LISTEN TO EPISODE 37
"Here's a simple, research-based fact - If people find your meetings useful, they probably like their jobs too; but if your meetings are a waste of time, they're probably not happy in their jobs. Here's a news flash for you. Most people don't like meetings. They're too many, they last too long, and they waste too much time.
When it comes to meetings, less is more.
- Less meetings,
- Less people attending, and
- Less time in the meeting.
You want to call fewer meetings, and you can start by cutting your weekly status meetings in half. Do them every other week. Have people post their updates weekly. Then every other week, when people are current on each other's progress, you focus the group on problem-solving, brainstorming, and celebrating the progress that's been reported.
You also need to think twice before calling a meeting. Ask yourself this, 'what necessitates a meeting"? I'm going to propose one good reason. You only meet when people need to interact in real-time. Here are three examples:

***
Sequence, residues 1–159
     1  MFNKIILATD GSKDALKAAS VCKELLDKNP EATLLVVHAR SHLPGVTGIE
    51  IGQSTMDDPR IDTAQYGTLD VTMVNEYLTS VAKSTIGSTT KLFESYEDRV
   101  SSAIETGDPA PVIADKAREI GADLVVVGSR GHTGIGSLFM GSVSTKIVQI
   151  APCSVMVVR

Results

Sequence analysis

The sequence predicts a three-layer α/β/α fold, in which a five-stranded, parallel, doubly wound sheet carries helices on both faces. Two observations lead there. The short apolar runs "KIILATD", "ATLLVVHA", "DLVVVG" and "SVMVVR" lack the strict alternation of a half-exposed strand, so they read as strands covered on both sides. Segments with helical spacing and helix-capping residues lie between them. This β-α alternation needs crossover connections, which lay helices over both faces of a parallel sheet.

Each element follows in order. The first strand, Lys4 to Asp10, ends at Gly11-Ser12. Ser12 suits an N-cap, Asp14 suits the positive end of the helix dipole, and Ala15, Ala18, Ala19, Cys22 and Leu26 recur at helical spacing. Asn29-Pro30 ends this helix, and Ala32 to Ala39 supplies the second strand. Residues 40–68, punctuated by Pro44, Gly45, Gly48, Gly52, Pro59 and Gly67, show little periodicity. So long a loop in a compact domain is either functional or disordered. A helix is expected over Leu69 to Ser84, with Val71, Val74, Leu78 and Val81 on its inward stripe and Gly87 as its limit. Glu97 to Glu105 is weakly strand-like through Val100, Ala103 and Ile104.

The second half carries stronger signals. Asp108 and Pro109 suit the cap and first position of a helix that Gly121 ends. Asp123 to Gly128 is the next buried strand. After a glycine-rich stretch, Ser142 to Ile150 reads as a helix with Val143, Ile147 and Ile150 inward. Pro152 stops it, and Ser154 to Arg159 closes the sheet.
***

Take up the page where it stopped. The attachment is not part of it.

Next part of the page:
- You're making a decision,
- Solving a problem, or
- Making a plan
When companies have too many meetings, it's because their standards for calling meetings are too low. Raise the bar, and you'll have fewer meetings. When you hold meetings to a higher standard, every meeting has an important purpose, so you're not wasting any time. That's fewer meetings, now fewer people. Again, it gets back to the standards, as we've said. Try to limit meetings to seven people.
Now, remember, you only meet when you need people to interact in real-time, and the research shows that social interaction bogs down and dilutes with larger groups.
Make your meeting shorter, too. TED Talks are limited to 18-minutes, and you know why? That's the outer limit of an adult's attention span. Now, I'm not saying meetings should be 18-minutes, but meetings don't need to be an hour, with a clear purpose and limited attendees; meetings can be 15 or 25 minutes. They don't need to be an hour. In fact, hour-long meetings should be the exception.
So rethink your approach to meetings and reset your standards. What warrants a meeting? What justifies someone's attendance? What's your optimum group size? And how long should meetings last? Remember, 'less is more' and productive meetings may keep your employees."
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